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I’m often asked where I find the inspiration for the dishes that I create and post on this blog.  And, often, the answer is difficult to explain.  This is usually how the conversation goes:

  • Questioner: “How did you come up with this recipe?”
  • Me: “I didn’t.  I saw it on Pinterest.”
  • Questioner: “So you stole it?”
  • Me: “I wouldn’t say that.”
  • Questioner: “But, it’s not your recipe.  You didn’t create it.”
  • Me: “Let me ask you something.  Do you bake cookies?”
  • Questioner: “Of course!”
  • Me: “Where did you get the recipe?”
  • Questioner: “It’s my mom’s recipe.”
  • Me: “Really?  Did your mom invent cookies?”
  • Questioner: “No.  But, it’s her recipe.”
  • Me: “What kind of cookies are they?”
  • Questioner: “Chocolate chip.”
  • Me: “But everyone bakes chocolate chip cookies.  What makes the recipe you’re using your mom’s very own recipe?”
  • Questioner: “I don’t know.  She used to make them all the time.”
  • Me: “Do you think it’s safe to assume that chocolate chips cookies were being made before your mom made them?”
  • Questioner: “Of course!”
  • Me: “So someone before your mom wrote the recipe for, or came up with the idea, for chocolate chip cookies, right?”
  • Questioner: “Yes, I guess.”
  • Me: “So is it safe to assume that you and your mom, and the rest of the world, for that matter, are eating cookies that are the result of a stolen recipe?”
  • Questioner: “Um…”
  • Me: “Do you see what I’m getting at here?  Recipes have been handed down from generation to generation for thousands of years.  Sometimes, they are written down, and other times, they are taught and stored to memory.  Recipes are hard to own.  And, almost every cook will put their own spin on a recipe.  So, to answer your question, I don’t steal recipes from online, but I do get my inspiration from them.  And then I prepare them according to my own tastes.  For example, my mom makes homemade bread, but there’s evidence of bread being baked thousands of years ago.  My mom doesn’t make bread the same way, obviously, but it’s still bread, and she didn’t steal the recipe.  Her mom taught her to how to make it.”

Zucchini & Sweet Corn Quiche with a Potato Crust

This usually ends the debate.  But, dear reader, keeping in line with blogger integrity, I do confess that the following recipe was adapted from Lindsay’s Sweet Corn and Zucchini Pie over at Pinch of Yum.  Her photos looked so inviting, I knew I had to make my own version, but with a crust.  (Sorry, Lindsay!)  🙂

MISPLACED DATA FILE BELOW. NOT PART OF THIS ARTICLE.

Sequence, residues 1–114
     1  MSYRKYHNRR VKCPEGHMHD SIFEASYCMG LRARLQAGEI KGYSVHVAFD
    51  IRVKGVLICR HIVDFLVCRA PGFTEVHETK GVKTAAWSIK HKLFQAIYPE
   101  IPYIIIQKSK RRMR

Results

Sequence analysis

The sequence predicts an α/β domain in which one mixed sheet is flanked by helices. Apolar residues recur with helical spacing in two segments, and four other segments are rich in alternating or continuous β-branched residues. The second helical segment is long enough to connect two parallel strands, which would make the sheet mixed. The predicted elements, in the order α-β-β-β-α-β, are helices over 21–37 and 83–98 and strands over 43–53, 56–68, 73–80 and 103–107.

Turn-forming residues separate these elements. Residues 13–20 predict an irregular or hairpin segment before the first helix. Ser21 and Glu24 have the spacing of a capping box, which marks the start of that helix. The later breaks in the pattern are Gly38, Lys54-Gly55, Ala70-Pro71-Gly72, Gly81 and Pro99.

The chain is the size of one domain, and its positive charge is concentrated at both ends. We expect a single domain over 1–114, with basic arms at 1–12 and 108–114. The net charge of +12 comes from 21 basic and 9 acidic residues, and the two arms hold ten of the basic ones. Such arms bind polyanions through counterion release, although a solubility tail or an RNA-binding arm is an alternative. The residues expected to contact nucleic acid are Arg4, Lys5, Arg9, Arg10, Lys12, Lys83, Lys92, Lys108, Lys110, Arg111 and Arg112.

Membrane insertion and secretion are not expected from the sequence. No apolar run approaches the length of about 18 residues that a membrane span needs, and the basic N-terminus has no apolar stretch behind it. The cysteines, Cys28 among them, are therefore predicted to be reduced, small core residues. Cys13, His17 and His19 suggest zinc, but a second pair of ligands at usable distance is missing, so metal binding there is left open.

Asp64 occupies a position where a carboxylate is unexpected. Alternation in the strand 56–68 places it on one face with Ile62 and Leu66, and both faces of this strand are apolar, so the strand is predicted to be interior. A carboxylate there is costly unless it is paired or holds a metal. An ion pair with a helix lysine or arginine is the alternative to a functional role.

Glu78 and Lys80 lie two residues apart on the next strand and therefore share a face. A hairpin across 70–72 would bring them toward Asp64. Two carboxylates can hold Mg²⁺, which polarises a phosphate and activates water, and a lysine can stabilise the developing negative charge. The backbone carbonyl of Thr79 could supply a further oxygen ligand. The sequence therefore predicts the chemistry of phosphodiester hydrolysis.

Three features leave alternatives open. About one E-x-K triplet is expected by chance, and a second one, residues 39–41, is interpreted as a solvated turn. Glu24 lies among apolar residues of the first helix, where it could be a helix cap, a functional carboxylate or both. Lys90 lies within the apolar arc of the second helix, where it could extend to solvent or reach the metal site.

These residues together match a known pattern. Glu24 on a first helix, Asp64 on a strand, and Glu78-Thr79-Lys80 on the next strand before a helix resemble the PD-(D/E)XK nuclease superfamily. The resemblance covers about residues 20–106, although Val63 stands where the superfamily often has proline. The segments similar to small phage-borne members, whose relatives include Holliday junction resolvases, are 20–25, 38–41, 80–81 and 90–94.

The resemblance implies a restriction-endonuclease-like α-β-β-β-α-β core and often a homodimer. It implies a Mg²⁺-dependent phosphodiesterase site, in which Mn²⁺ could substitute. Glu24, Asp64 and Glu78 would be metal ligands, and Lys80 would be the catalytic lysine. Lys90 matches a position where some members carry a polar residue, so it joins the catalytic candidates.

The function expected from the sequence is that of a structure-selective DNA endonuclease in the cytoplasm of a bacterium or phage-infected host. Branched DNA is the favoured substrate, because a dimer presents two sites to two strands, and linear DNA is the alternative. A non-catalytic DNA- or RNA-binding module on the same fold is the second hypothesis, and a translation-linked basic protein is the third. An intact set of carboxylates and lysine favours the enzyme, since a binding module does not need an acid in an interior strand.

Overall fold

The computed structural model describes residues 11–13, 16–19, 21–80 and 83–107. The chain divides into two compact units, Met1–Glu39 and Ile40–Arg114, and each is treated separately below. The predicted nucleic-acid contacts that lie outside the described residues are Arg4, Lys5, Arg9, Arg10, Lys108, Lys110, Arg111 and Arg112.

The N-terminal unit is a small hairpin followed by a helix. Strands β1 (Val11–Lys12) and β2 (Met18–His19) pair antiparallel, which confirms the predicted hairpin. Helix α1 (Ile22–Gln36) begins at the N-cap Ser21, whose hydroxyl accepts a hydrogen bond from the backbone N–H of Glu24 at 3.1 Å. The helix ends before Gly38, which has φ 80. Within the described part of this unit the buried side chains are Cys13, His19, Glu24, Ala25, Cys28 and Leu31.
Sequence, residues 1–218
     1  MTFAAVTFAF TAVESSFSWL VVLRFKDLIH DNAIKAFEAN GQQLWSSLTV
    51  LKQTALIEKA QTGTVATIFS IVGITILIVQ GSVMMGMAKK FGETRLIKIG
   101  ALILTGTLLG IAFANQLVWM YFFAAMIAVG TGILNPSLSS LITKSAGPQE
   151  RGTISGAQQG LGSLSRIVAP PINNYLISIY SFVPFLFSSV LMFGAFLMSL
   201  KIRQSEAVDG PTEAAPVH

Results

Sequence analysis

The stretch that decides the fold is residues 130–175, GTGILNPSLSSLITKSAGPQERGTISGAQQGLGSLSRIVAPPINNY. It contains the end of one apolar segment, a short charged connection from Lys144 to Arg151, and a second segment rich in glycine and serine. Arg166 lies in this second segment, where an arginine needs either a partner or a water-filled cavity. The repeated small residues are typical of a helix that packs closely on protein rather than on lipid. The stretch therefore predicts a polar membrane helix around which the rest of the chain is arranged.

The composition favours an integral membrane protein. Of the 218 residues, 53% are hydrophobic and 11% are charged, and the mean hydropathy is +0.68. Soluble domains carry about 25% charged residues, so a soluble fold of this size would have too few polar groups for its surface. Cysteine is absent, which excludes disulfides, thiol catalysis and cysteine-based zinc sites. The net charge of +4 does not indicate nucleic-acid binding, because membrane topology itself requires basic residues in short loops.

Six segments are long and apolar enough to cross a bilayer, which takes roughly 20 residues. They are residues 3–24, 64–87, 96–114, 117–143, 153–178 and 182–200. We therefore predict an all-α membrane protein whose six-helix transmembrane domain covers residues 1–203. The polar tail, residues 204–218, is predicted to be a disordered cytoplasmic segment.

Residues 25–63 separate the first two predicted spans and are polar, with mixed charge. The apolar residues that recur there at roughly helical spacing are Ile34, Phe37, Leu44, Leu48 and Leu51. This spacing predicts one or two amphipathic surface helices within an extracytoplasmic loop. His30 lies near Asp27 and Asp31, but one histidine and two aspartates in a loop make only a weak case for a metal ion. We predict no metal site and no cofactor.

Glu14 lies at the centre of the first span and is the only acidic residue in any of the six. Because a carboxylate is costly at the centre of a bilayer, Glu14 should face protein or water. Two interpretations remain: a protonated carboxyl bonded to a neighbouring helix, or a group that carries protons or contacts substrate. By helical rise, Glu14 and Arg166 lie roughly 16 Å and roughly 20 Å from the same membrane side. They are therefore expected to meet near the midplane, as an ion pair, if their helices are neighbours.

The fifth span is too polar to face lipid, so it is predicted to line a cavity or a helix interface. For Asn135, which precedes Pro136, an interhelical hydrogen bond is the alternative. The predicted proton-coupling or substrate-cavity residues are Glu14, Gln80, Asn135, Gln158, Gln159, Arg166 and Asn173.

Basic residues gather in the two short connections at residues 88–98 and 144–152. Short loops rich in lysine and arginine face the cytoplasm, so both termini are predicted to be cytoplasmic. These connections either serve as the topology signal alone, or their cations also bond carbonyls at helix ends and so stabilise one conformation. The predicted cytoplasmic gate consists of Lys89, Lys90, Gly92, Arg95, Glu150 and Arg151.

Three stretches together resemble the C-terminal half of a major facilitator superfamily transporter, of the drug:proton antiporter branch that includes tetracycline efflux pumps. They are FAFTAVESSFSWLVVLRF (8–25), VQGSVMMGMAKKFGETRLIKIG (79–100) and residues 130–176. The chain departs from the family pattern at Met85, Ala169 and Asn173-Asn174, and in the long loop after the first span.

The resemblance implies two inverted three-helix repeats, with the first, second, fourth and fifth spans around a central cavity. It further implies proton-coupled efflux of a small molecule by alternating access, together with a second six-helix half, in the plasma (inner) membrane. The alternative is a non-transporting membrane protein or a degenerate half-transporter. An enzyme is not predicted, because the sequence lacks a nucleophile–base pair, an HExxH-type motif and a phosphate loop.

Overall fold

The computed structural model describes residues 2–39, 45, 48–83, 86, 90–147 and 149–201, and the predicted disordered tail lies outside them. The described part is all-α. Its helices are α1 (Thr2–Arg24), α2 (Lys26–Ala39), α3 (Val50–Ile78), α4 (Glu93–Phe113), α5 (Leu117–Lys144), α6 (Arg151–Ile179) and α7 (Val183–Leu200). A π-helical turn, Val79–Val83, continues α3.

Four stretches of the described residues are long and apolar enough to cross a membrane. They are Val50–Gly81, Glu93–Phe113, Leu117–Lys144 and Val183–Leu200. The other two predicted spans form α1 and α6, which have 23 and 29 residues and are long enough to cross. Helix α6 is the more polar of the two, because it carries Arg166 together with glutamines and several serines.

Zucchini & Sweet Corn Quiche with a Potato Crust

There’s something magically delicious about the combination of zucchini and corn.  It’s like peanut butter and jam; it’s like bacon and tomato; it’s like eggs and toast; it’s like Sonny and Cher, or Sophia and Dorothy!  Ahem, I digress… you get my point!

Zucchini & Sweet Corn Quiche with a Potato Crust

Imagine, then, fresh zucchini, summer sweet corn, blended with cheese and spices, and baked together in the form of a pie, with a crust consisting of the most tender thinly sliced potatoes with crispy edges.  Are you drooling?

Let’s get to it!

Zucchini and Corn Quiche with a Potato Crust
 
Prep time
Cook time
Total time
 
Author:
Serves: 8
Ingredients
  • 3 white potatoes, thinly sliced
  • 1 tablespoon butter
  • Salt and pepper to taste
  • 3 medium zucchini, washed, ends trimmed, grated (place all of the grated zucchini in the center of a clean kitchen towel and squeeze out the excess water as much as possible)
  • 2 cups corn (if using frozen corn, be sure to thaw completely)
  • 6 eggs, beaten
  • 1 cup white cheddar cheese, grated
  • 1 teaspoon basil
  • 1 teaspoon oregano
  • ½ teaspoon onion powder
  • ¼ teaspoon granulated garlic
  • ¼ teaspoon salt
  • ¼ teaspoon black pepper
Instructions
  1. Grease a 9-inch spring form pan with butter
  2. Line the sliced potatoes, overlapping around the perimeter of the pan
  3. Layer the remaining potato slices in the bottom of the pan; be sure to use this layer as a support for the potatoes lining the wall of your pan; cover the entire bottom of the pan
  4. Sprinkle with salt and pepper and bake for 25 minutes at 350 degrees
  5. Remove pan from oven and allow to cool
  6. In the meantime, add the zucchini, corn, eggs, cheese, basil, oregano, onion powder, garlic powder, salt and pepper to a large mixing bowl. Using a wooden spoon, mix together all ingredients well
  7. Carefully poor the egg mixture on top of the cooled potatoes
  8. Using a spoon, push the egg mixture tight against the potatoes lining the walls of the spring form pan
  9. Place the pan on a baking sheet and return to the oven; bake for 30 minutes at 350 degrees
  10. Remove from oven and allow to cool for 5 minutes before removing the ring of the pan
  11. Slice and serve!
 

Zucchini and Sweet Corn Quiche with a Potato Crust

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This Post Has 2 Comments

  1. LOL I had almost the exact same conversation with my best friend this weekend! We all get inspiration somewhere. Sometimes its from other recipes, sometimes its from an experience, but the point is you cant reinvent the wheel, the recipe fro bread has been discovered years ago, but you can put your spin on it, that’s the beauty of it! Love that quiche by the way 🙂

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